Is It Possible to “Store” Wifi and Use It Later?

In Matt's Musings by Matt ChieraLeave a Comment

This is something I’ve been thinking about a lot since the recent Net Neutrality repeal.

Is it possible to “store” wifi and use it later? For example, let’s say I’m in the airport waiting for a flight. What if I could download an app that would “store” some of the wifi at the airport so that I can then use it on the no-wifi flight?

Due to the nature of the Internet as a network, the conventional answer to this question is “no, it’s not possible.” The Internet is nothing but a network of interconnected computers, and you can’t store a network on your device.

However, though no app or device is invented yet to perform this task, with the current accelerated state of Internet technology I think this is worth thinking about.

There are workarounds, for instance, you can save webpages and access them later. For example, there are apps that will save the current articles on your favorite news websites so you can access them later without Internet.

There are obvious limitations here. the Internet is currently over 12 Petabytes of information, so it’s not realistic (at least not for the next few decades…or centuries) to “store” the entirety of the Internet. It’s simply too massive an amount of data.

However, it is very feasible to store “sections” of the Internet to use later. With Comcast, AT&T and other big ISPs likely shifting towards a policy of throttling Internet speeds and charging users more to access their favorite apps and websites on the Internet, it may make sense to “store” Internet-connected apps, games, and websites on your devices and then access them later. You could download in-app data (on a slower network) and then access it (at fast speed) once the information is already stored on your device, therefore circumventing the data throttling on that app by the ISPs.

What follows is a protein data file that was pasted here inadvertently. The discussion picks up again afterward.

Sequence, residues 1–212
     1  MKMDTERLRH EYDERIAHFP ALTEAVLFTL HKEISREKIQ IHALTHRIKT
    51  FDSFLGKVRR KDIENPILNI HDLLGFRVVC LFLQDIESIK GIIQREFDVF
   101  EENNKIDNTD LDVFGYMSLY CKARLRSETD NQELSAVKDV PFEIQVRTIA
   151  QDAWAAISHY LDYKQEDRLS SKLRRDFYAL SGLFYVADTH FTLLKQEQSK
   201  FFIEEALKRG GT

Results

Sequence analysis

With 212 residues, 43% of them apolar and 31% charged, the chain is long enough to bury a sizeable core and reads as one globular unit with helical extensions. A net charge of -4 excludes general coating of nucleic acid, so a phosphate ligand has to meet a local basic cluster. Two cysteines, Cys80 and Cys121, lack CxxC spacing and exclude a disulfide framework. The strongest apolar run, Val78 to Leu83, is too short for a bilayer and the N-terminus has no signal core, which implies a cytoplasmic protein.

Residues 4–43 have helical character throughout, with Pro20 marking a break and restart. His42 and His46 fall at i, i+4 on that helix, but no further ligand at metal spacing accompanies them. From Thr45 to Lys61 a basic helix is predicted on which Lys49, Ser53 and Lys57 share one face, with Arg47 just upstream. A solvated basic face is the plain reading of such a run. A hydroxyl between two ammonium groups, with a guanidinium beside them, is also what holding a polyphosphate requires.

That being said, how would this work without a live “feed” of Internet packets? For instance, how could online gaming function without connectivity via the Internet?

I think this is becoming a more and more important question, especially now that Net Neutrality has been repealed. Our current technology isn’t able to “store” Internet, and there are theoretical limitations on whether storing a network is possible, however, I’m looking forward to seeing if there are developments around this in the future.

About the Author

Matt Chiera

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Matt Chiera is CEO of Ice Nine Online, an award-winning full service digital marketing agency in Chicago. Matt is also Digital Director (contract) for enterprise advertising agency The Well and former Head of Business Development for award-winning search marketing agency Perfect Search Media. He's the author of the bestselling book "Digital Marketers Sound Off," published June 2018.

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